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Tuesday, May 14, 2019

Chernobyl 1.2: The Horror Movie

If I hadn't seen last week's first episode of Chernobyl, and had fallen asleep before the beginning of the second episode on HBO last night, and had woken up a few minutes into the episode, I'd have thought that I was watching a horror movie, or maybe a new apocalyptic series on AMC.

The second episode had all of the trimmings.  Almost all the powers-that-be misunderstanding and downplaying the grave threat.  A scientist or two, here and there, getting what was happening, urgently trying to alert everyone around them to the danger, being largely ignored.  And when they're finally listened to, at least some of the vulnerable populace is evacuated, but not everyone, including a dog running in vain after a departing bus.   And with a far worse, more monstrous catastrophe about to happen, three brave souls stepping up.

Except all of this really happened.  And it could happen again, since understanding one accident can never preclude another happening, for slightly different reasons.  I'm usually a champion of technology.  But I turned against nuclear power after Three Mile Island in 1979 near Harrisburg, Pennsylvania.  That was a partial meltdown.  And I wasn't surprised when the far worse accident happened at Chernobyl in 1986.

This mini-series is a stark reminder that we have take nature and our technologies which seek to harness it very seriously.  Because the truth is there is no complete harnessing of the natural world - not of atoms, not of genes, not of bacteria, not of you name it.  The best we can be is, yes, bold with technology in trying to improve out lot, but always wary of its unforeseen consequences.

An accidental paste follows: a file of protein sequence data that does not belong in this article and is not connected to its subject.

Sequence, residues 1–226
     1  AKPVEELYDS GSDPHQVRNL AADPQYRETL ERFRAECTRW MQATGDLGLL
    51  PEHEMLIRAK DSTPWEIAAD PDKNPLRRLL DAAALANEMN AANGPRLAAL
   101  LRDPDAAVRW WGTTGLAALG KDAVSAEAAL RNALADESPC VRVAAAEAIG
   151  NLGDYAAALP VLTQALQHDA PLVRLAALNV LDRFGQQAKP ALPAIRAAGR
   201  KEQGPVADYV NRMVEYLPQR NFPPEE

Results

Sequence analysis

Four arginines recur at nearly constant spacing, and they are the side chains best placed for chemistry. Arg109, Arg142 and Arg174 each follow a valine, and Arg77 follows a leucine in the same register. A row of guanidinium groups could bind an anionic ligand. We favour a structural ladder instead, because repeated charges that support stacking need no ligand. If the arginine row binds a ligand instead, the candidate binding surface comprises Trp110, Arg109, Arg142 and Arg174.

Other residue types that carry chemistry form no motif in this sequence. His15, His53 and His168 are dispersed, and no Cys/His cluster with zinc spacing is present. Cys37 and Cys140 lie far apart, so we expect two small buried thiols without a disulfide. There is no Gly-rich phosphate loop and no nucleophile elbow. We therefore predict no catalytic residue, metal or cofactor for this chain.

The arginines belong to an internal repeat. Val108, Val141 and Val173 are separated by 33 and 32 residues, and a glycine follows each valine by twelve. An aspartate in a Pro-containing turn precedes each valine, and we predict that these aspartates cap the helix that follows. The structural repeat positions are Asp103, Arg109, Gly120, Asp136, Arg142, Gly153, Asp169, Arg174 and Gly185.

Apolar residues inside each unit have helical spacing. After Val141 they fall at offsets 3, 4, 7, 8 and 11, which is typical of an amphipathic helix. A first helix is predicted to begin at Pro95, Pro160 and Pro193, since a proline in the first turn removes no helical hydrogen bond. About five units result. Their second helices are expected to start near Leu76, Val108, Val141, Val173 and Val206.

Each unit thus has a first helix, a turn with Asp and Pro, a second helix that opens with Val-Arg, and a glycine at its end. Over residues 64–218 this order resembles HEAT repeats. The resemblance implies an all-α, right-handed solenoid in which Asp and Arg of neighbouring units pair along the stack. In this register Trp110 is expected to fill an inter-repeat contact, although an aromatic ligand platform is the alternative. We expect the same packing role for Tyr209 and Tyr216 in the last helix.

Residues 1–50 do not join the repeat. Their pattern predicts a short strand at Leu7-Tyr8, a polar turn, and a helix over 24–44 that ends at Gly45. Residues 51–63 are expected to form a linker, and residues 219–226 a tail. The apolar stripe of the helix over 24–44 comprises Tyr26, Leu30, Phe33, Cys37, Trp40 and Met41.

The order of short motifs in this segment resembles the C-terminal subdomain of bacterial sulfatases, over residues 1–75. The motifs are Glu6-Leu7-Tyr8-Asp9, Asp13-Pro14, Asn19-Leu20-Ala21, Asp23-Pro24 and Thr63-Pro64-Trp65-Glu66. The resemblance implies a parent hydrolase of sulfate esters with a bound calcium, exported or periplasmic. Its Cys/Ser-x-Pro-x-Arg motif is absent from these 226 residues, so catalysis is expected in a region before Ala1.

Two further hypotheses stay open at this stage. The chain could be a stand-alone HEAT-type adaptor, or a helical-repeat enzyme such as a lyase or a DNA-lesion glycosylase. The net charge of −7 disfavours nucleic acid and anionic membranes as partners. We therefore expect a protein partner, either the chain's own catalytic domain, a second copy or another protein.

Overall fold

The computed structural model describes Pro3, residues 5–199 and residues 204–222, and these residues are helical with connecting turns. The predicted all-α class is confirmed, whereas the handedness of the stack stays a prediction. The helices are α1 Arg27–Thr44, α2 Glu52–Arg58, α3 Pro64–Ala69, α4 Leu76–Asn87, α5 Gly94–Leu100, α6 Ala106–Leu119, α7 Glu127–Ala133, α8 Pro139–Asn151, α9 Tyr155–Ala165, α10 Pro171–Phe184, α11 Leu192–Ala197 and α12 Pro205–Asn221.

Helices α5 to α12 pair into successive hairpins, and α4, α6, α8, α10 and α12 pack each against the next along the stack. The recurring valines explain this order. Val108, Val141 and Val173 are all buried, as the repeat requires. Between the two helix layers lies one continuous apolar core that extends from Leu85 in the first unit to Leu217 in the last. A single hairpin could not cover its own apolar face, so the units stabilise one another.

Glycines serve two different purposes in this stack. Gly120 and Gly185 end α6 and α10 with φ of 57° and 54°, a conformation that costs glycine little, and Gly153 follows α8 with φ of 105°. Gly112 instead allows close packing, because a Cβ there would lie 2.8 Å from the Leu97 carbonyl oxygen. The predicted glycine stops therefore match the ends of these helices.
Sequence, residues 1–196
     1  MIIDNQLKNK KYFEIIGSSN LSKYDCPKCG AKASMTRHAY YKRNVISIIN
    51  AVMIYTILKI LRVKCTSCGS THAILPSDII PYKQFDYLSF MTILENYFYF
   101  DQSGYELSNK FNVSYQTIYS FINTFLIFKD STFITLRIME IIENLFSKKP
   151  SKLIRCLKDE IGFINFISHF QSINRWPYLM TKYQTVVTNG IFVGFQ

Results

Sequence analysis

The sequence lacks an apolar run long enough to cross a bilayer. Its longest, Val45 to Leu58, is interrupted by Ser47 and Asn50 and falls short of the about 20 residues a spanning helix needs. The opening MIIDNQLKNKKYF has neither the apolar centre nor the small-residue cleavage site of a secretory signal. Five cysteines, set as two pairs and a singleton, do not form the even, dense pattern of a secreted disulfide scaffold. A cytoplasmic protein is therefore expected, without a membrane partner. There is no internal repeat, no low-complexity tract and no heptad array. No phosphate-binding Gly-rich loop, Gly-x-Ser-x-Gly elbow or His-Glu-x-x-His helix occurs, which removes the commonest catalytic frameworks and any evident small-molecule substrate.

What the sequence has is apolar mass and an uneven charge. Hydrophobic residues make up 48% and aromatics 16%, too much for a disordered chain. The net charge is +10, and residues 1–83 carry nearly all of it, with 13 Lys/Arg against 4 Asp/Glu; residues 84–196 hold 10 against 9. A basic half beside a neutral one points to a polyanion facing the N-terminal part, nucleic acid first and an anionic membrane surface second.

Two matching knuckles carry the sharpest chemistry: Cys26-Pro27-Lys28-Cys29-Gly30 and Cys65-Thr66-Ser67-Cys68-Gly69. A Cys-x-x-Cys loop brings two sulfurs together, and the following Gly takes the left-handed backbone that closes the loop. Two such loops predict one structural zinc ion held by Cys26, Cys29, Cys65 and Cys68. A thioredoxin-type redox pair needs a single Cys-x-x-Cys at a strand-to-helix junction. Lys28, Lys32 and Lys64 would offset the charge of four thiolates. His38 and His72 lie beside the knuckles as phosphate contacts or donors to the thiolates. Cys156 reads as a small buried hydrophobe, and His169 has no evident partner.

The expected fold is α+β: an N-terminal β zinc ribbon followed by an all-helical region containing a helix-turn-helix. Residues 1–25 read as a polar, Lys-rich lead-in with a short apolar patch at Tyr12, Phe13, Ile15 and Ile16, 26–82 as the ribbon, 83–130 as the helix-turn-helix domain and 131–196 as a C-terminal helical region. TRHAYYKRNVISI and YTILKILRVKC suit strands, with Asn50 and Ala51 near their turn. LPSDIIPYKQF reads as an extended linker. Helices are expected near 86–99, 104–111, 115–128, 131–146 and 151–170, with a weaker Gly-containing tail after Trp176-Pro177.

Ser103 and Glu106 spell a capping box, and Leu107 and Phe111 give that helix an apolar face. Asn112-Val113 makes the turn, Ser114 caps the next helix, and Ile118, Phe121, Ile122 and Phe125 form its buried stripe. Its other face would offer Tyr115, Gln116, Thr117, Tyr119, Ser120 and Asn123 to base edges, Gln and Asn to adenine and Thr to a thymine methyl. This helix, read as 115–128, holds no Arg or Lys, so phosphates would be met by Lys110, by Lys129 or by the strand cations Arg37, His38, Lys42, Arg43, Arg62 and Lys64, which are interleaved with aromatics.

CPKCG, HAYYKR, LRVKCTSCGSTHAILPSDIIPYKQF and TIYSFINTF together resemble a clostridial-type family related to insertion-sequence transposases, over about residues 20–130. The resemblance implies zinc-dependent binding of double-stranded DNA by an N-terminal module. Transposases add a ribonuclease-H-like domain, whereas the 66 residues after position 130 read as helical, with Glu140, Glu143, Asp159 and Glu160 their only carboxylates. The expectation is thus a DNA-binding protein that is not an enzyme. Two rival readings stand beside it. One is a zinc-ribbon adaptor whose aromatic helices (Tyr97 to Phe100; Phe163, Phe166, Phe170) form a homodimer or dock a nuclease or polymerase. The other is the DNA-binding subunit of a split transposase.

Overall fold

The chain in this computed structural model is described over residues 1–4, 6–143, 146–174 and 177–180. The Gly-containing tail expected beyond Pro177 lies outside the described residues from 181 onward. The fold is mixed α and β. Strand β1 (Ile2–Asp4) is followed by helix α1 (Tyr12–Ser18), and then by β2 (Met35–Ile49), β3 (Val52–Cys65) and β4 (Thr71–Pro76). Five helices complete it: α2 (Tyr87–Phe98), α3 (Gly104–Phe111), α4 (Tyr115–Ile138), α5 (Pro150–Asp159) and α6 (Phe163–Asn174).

See also: Chernobyl 1.1: The Errors of Arrogance



Cora Buhlert said...

I was 13 when Chernobyl happened, i.e. old enough to understand that something horrible had just happened, but not old enough to know what exactly the danger was. And Germany got its share of fallout, though less in the North where I lived than in the South and East. I remember not being allowed to go out in the rain during recess at school. I also remember footage of milk being poured away and lettuces being plowed under, which bothered me, because we'd been taught that throwing away food was wasteful and bad. Later, friends from Latvia, then still part of the Soviet Union and heavily affected by fall-out, told me that in the Soviet Union there had been absolutely no warnings to the population outside the immediately affected areas (and not even there properly).

There already was a strong anti-nuclear power sentiment in West Germany at the time and it grew even stronger after Chernobyl happened. Construction of new nuclear power stations was stopped, but it still took until the Fukushima Daiichi disaster for Germany to get out of nuclear power altogether. And there are still nuclear reactors operating in Germany, until 2023, when the last one will be shut down.

I haven't seen the Chernobyl series yet and I don't know if I have the stomach for it. Though it's important that they made the series, because just as movies like "The Day After" and "Threads" got politicians to rethink nuclear weapons, maybe "Chernobyl" will get them to rethink nuclear power. I also keep shaking my head at reviewers who complain that the series is confusing and illogical and why do they need the subplot about the firefighter and his pregnant wife, because all that really happened. I've seen the real wife of the firefighter interviewed on German TV and her story is heartbreaking.

Paul Levinson said...

Power comment, Cora - thank you. Germany is far wiser than the United States in at least starting to end all nuclear production after Fukushima, with the last one to close in 2023. I wish the US would do the same.